Nutrition for Racing

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When it comes to running long distances, properly fueling your body can make all the difference — not just in your performance but ALSO in your ability to recover quickly afterward.

Keri Claiborne Boyle, a former nationally ranked triathlete and certified coach of USA Triathlon and the Road Runners Club of America, says, “No matter how much you train, you have to get the nutrition right.”

No More Mounds of Spaghetti

“People used to believe in carb loading before an event, but it causes bloating, which slows you down,” says Boyle. Now she coaches runners to increase their daily complex carbohydrate intake five days before a long race, without overdoing it.

Carbohydrates build up glycogen stores in your muscles that fuel you when you’re running. “You can’t just cram them in the night before,” she says.

Eating a combination of low-fiber simple carbs and low-fat proteins the morning before the race is optimal since runners need a fuel source that’s easy to digest, but also has staying power. Supplements can further enhance performance.

Boost Performance with Beets

Various beetroot products, both juices and powders, are currently on the market and targeted to athletes, especially endurance athletes. Liz Keller, a health coach certified by the Institute for Integrative Nutrition, says, “Beet extract has a high concentration of sucrose—a simple sugar source that’s a natural endurance booster.”

Research shows that the body converts the beetroot’s active ingredient—inorganic nitrate—into nitric oxide in the saliva. Clinical studies indicate that increased nitric oxide levels help fight muscle fatigue and may help improve times in endurance tests.

“You have to take beet extract about 90 minutes before you need it,” says Rob Liao, MD, cardiologist and avid runner. “But don’t use mouthwash beforehand or it disrupts the oral flora needed to make it work.”

Replacing Electrolytes

When you exercise for long periods of time, or in hot weather, water alone won’t keep you hydrated. That’s because you lose electrolytes—such as sodium, magnesium, calcium, and potassium—through your sweat that are critical for moving fluid where it’s needed. “Marathon runners often ‘hit the wall’ around mile 16 or 17,” says Boyle. “It’s not usually because they didn’t train right—it’s almost always a nutrition problem.”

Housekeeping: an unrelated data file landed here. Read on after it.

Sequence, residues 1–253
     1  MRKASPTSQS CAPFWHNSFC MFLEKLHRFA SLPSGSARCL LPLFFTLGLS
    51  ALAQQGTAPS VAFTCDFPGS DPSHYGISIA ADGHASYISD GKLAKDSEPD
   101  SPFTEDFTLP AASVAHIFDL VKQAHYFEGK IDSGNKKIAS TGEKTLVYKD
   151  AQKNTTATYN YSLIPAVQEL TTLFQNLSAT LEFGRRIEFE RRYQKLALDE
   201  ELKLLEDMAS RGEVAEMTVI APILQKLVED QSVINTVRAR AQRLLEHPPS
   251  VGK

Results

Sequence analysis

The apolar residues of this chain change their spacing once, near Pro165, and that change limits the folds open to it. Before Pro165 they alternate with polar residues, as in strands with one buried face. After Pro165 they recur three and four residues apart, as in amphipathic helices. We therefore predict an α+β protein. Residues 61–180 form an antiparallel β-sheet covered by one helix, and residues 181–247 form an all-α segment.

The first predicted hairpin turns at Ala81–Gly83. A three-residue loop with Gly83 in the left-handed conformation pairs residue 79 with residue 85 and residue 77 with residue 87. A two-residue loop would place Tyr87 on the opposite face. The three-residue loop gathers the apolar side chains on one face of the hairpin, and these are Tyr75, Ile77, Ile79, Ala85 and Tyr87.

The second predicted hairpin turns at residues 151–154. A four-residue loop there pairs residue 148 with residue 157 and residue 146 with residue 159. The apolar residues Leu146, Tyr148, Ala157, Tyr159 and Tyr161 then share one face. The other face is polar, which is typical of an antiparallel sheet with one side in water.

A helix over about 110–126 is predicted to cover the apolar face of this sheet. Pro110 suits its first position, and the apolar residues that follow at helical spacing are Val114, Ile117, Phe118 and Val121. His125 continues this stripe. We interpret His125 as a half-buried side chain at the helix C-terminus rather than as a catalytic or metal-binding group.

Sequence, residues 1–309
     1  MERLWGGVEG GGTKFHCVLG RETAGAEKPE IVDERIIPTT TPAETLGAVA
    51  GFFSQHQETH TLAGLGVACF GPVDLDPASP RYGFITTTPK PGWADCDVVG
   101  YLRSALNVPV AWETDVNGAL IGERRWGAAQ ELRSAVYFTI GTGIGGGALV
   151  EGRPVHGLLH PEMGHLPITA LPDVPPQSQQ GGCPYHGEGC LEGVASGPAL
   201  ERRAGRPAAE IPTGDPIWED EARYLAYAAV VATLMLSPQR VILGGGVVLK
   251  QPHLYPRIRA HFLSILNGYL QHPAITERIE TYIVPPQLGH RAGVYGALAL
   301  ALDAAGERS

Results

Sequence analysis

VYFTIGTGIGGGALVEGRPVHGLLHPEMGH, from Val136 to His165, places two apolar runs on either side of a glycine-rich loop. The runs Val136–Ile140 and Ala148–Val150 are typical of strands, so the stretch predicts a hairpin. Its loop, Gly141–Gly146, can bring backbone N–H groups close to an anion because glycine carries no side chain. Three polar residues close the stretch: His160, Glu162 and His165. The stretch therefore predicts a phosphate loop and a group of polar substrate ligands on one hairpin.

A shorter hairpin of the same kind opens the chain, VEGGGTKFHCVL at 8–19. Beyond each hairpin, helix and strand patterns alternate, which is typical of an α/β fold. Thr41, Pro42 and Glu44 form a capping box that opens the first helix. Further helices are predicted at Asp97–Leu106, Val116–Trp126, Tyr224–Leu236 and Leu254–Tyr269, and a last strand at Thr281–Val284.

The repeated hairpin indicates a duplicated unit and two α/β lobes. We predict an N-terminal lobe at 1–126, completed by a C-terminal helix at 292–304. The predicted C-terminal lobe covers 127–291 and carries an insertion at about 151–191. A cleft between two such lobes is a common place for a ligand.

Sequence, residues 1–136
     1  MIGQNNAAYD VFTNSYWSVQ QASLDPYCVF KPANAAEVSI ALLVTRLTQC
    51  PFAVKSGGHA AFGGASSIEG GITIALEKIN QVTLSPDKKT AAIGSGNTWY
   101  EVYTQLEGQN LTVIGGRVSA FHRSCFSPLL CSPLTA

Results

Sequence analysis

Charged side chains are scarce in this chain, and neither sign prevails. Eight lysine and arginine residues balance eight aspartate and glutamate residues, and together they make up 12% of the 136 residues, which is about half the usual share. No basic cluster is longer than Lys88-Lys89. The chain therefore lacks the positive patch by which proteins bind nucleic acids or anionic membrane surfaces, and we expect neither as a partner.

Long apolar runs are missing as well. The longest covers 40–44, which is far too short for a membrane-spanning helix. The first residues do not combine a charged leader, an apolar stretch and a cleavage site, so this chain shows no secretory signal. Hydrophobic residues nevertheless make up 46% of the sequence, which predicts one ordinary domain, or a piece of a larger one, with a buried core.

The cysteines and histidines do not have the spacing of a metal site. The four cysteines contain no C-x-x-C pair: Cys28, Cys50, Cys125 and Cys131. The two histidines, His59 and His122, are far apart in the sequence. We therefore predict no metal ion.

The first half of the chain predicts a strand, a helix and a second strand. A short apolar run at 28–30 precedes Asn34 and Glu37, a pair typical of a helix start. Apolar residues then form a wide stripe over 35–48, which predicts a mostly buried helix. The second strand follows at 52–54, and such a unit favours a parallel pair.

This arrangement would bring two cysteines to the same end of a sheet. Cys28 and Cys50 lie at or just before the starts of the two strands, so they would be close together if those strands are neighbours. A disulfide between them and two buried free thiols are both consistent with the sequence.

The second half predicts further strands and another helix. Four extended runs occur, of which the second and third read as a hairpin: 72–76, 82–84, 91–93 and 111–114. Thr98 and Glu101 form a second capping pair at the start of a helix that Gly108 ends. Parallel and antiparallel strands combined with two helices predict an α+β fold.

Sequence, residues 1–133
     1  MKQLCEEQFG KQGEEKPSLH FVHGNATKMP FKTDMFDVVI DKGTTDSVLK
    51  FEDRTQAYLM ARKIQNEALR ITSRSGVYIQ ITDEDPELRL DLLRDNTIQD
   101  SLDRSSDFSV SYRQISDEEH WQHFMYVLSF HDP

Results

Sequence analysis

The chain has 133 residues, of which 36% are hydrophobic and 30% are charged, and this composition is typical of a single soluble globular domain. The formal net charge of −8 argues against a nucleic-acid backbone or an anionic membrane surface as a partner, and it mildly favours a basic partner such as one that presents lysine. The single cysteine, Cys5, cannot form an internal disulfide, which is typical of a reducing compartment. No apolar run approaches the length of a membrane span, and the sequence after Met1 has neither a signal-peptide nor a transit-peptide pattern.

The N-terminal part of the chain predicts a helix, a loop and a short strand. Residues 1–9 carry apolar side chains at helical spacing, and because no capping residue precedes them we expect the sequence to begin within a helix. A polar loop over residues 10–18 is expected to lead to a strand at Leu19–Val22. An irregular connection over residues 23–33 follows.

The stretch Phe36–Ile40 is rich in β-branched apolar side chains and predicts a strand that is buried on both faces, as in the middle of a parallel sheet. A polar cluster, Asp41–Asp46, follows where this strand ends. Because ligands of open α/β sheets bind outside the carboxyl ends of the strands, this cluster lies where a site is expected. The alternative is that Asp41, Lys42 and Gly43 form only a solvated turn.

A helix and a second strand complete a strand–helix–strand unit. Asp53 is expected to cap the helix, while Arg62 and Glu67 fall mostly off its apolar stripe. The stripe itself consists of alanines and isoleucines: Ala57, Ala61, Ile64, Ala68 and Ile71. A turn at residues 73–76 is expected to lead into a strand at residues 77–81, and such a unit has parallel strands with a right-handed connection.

There are many electrolyte-rich sports drinks available, but they contain sugar or sugar substitutes. Keller says, “They give you a quick burst of energy, but your blood sugar levels drop so low afterwards that you ‘crash.’” Instead, Keller suggests replenishing your electrolytes by dissolving a few grains of Himalayan salt in your water. “Amino acids also help induce quicker muscle recovery.”

Minimizing Muscle Soreness

Long-distance running takes a toll on your body; even if you’re in top shape and eat well, recovery can be difficult. “People used to think muscle soreness was due to lactic acid, but research has shown that microtears in your muscles—DOMS (delayed onset muscle soreness)—is actually to blame,” explains Boyle. “When your cells rush in to repair your muscles, it causes a buildup of cellular debris that must be cleared from your bloodstream.”

For those looking to lower inflammation and recover muscle strength more quickly after exercise, science shows that tart cherry juice can make a real difference. The juice contains antioxidants that speed up muscle recovery and remove free radicals that cause inflammation and soreness.

Another supplement to consider is fish oil, which facilitates antioxidant and anti-inflammatory activity in the body. It’s full of omega-3 fatty acids, which can help repair oxidative damage.

Nutrients with a 4-to-1 carbohydrate-to-protein ratio, like chocolate milk, can also help offset DOMS and minimize discomfort, but only when consumed within 30 minutes of finishing a race.

Protein also helps rebuild muscle. “A protein shake helps speed recovery, but it’s not a meal substitute,” says Keller. “We’re a culture that’s into the quick fix, but we’re supposed to chew our food, not drink it, to properly cue digestion. There are so many products on the market now in shiny packages, but I’m a believer that if you eat good, whole, nutrient-dense foods, and drink water with a little bit of salt, that’s really all you need.”

Sources: 

“Beetroot Juice and Exercise...” by L.J. Wylie et al., Journal of Applied Physiology, 8/13

“Beetroot Juice Ingestion During Prolonged Moderate-Intensity Exercise Attenuates Progressive Rise in O2 Uptake” by R. Tan et al., Physiology, 1/4/18

“Compositional Characteristics of Commercial Beetroot Products and Beetroot Juice...” by J. Wruss et al., Journal of Food Composition and Analysis, 10/13/14

“Influence of Tart Cherry Juice on Indices of Recovery Following Marathon Running” by G. Howatson et al., Scandinavian Journal of Medicine & Science in Sports, 12/10

Personal communication: Keri Claiborne Boyle; Liz Keller; Rob Liao, 1/18

“Tart Cherries: An Endurance Superfood?” by Matt Fitzgerald, Competitor Running, http://running.competitor.com, 1/2/17

Contributor: 

Patty Lenz Bovie